His dream came true, as Adele Stan from AlterNet commented on Keith Pavlischek's response to Ryan. The mutual conclusion was that either could be wrong, since Jim Wallis is guilty of employing an intellectual falsehood and obfuscating his stance on the issue.


Setting aside the question of whether Anita Dunn was joking when she said she adheres to the political philosophies of Mao Tse Tung, what kind of communications professional thinks it's a good idea to make this joke in front of schoolchildren?


That said, the White House is putting Anita front and center in their battle with Fox News. Declaring war on a television station is such a colossally bad idea, that I have to think this is simply going to be the pretense for firing her. She isn't good at her job, and anyone who shouts "Mao" in a crowded classroom is going to be a political liability in the future.

I smell a Saturday evening firing some time in November. She goes, or Lenny Gibbs does.


One day after lamenting burger hype in the Twin Cities, I became it's latest victim. Burger Jones, whose holding company arguably initiated the summer burger craze with its customary PR blitz, simply doesn't make a good burger.

Short on flavor, wimpy bun, inconsistent patty size, no sear. You name it. For $10 ($14 if you include fries), I expect a masterpiece. This is not that.


Congratulations to Peter, who has officially made the transition from irono-culture maven to blubbering baby-lover... Witness the transformation:

There I was, holding a copy of Alan Jackson’s Let it Be Christmas in a busy department store in October, weeping openly. This is no joke.

Oh yes it is. The big black man will be along to confiscate your Miller High Life shortly. He'll stop on his way to Burger Jones.

Friday, October 16, 2009

Top Ten Fridays: Annoying Food Trends

Recently, Esquire named it's 12 most annoying food trends. As a blogger, I am permitted to steal ideas without consequence, so I will. Many of the "trends" don't particularly apply here in Minnesota (if a bar doesn't have a sign, that usually just means someone stole it, or that most of the patronage doesn't ever leave, thus negating the need).

So here are my top ten obnoxious Twin Cities trends:

10. Soft openings

In the Internet age, there is no such thing as a soft open. Launches are tough enough without adding another hurdle of lacking preparation. If you don't have your act together (liquor licensing, remodeling, wait-staff), don't open. Otherwise, that buzz you're building is purely negative, and you're wasting your customers's time and money.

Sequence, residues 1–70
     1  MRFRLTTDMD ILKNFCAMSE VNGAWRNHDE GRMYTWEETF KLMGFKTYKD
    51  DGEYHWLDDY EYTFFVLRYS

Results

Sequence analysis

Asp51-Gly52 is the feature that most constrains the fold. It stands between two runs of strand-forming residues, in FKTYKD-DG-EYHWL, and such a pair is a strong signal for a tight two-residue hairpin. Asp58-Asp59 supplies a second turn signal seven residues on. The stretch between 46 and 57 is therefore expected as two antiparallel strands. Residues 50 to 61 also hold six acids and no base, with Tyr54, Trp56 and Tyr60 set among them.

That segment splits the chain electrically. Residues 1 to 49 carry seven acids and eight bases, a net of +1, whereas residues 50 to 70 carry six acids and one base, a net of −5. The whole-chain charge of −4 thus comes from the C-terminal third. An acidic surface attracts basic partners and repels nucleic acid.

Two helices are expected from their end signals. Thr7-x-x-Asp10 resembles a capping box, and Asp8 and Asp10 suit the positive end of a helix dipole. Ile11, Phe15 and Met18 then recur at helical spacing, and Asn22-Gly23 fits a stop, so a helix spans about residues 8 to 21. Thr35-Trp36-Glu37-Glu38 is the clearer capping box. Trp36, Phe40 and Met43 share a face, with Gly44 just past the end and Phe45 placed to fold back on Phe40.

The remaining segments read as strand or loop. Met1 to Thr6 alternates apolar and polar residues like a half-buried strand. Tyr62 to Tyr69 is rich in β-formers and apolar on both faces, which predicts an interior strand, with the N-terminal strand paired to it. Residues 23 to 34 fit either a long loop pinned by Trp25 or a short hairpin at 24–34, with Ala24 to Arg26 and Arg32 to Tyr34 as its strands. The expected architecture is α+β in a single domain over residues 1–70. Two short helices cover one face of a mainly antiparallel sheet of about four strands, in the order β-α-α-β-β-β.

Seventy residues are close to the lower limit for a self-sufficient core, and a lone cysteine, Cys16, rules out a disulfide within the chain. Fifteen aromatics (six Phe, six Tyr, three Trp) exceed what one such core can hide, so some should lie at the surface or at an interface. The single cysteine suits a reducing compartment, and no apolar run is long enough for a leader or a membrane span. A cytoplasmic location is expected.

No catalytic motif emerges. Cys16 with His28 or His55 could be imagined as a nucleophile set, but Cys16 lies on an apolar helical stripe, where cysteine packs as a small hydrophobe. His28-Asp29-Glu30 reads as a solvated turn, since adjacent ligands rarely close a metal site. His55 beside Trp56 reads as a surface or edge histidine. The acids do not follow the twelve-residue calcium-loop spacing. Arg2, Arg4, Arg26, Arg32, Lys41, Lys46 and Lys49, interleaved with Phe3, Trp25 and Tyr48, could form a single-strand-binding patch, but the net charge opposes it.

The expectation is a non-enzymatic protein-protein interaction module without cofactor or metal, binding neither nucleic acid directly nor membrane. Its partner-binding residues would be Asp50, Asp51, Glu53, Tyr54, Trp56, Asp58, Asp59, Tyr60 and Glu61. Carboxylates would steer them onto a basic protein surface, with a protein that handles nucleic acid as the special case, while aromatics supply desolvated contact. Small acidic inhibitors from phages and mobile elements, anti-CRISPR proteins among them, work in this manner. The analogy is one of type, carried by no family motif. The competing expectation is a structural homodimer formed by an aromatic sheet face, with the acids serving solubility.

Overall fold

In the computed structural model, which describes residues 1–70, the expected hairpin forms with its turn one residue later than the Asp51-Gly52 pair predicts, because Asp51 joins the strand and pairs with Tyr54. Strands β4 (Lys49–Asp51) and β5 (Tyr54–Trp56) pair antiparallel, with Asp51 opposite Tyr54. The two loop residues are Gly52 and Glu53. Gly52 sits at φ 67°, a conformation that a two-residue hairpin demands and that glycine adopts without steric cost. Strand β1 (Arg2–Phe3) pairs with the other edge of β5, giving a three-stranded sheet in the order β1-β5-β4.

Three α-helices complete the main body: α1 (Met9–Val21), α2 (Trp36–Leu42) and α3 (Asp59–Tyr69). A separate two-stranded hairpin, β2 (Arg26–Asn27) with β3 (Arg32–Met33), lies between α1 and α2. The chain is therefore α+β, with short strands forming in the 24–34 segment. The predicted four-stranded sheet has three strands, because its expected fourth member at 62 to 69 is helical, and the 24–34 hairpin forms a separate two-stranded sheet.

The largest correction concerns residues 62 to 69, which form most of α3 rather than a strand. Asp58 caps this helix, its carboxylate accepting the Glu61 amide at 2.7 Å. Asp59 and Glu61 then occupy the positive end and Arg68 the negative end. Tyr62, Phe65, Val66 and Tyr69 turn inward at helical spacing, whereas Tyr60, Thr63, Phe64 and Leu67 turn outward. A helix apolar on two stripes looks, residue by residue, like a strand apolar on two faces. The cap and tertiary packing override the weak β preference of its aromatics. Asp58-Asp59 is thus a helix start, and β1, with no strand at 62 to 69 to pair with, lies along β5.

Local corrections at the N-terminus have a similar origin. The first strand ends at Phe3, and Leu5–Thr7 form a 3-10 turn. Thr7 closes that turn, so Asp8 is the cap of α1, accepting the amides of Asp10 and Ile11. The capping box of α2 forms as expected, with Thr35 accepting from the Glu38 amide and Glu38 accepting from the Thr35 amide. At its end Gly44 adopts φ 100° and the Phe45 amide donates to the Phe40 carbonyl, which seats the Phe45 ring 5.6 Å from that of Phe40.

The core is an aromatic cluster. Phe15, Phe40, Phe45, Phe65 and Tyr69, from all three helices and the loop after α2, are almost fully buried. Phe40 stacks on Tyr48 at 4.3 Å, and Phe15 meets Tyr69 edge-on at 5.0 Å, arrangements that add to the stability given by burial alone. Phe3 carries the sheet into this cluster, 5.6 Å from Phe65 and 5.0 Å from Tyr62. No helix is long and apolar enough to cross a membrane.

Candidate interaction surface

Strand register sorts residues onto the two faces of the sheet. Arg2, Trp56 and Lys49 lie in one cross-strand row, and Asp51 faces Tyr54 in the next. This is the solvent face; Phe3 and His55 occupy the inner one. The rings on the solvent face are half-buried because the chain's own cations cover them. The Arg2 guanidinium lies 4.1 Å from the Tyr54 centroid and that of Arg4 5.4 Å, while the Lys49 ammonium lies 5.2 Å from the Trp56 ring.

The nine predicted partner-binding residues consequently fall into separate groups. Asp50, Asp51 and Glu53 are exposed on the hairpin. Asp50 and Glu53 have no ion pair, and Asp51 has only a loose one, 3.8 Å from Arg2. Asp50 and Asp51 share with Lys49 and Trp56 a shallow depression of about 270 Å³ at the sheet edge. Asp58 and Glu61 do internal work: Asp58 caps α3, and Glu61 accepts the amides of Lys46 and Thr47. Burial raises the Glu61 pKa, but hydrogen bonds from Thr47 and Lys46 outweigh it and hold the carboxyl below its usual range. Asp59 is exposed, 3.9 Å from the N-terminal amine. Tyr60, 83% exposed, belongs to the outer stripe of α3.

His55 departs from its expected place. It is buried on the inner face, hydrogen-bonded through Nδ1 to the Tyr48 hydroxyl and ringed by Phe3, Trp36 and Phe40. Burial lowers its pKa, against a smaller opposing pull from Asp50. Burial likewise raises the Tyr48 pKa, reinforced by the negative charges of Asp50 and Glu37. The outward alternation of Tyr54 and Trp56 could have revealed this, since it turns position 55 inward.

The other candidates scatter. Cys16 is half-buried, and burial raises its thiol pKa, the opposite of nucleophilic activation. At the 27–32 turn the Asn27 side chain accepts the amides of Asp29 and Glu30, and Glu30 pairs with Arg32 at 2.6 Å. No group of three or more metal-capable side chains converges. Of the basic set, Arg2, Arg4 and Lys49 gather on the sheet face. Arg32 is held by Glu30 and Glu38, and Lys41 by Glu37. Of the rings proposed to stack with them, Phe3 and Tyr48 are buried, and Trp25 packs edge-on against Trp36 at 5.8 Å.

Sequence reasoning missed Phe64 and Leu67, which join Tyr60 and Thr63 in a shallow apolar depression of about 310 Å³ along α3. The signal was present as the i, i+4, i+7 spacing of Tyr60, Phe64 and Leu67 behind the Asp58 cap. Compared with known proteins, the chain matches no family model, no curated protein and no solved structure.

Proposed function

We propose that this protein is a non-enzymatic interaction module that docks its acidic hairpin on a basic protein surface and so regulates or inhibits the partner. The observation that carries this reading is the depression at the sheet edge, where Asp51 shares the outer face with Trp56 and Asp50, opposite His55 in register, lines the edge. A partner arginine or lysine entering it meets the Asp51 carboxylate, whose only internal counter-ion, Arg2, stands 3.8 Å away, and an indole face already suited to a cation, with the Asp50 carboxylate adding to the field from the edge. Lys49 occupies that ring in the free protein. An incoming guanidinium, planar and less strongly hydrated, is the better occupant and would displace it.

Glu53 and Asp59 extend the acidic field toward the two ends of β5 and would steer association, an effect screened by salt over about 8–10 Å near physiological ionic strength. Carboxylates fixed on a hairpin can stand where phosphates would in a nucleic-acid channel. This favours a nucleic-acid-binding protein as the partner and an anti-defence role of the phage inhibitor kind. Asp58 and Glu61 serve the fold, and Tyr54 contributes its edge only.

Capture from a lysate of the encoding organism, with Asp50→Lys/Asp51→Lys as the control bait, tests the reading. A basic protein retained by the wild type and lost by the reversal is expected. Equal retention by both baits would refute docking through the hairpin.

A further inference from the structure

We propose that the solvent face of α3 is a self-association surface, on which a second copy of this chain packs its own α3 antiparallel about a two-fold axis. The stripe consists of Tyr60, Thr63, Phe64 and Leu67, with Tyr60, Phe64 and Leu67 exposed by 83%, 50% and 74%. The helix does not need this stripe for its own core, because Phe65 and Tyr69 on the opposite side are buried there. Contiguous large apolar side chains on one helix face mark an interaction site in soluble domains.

9. Burger hysteria

With 22,563 new burger restaurants in the Twin Cities, and 1,428,960 (estimate) slated to open in 2010, the Twin Cities is becoming a burger mecca for some reason. The reaction to this has either been unbridled enthusiasm or outrage. Stupid and annoying. I don't want to debate the merits of Five Guys Burgers vs. Sonic Burgers. Neither am I interested in hemming and hawing about how burgers are really just lips and anuses crushed into a patty.

There are several great burgers (h/t Victory 44, Vincent, and Blue Door), and they are well-worth eating, whether Fatburger opens 39 locations here or not.

8. Beets

I like a good beet salad, but since when did it become mandatory that they be included on at least two items on every menu? Seriously, find me an upscale restaurant that doesn't have beets on the menu. Worse, a lot of chefs manage to screw 'em up. Beets are the new seared scallops.

That said, if a fast food chain centered on beets were to open, that would be amazing.

7. Upscale bars with lousy tap selections.

Not going to name names, but if you are going to have the words "pub", "alehouse" or "brewery" in your name, you should offer a unique and excellent selection of beers. Throwing a Surly in with your assortment of Miller, Leinies and Summit does not qualify.

6. Employees who don't know directions.

I don't expect every hostess who picks up the phone to know how to direct me to their restaurant from, say, Chaska. But if I'm six blocks away? Lots of restaurants are popping up in non-traditional locations, so knowing where your restaurant is located is just good business.

5. Happy hour shenanigans.

With the economy on the downswing, we're seeing more happy hour specials. That means more happy hour related BS. If you're going to advertise it, live up to it, and make clear what it is. Keep your website updated, and be consistent.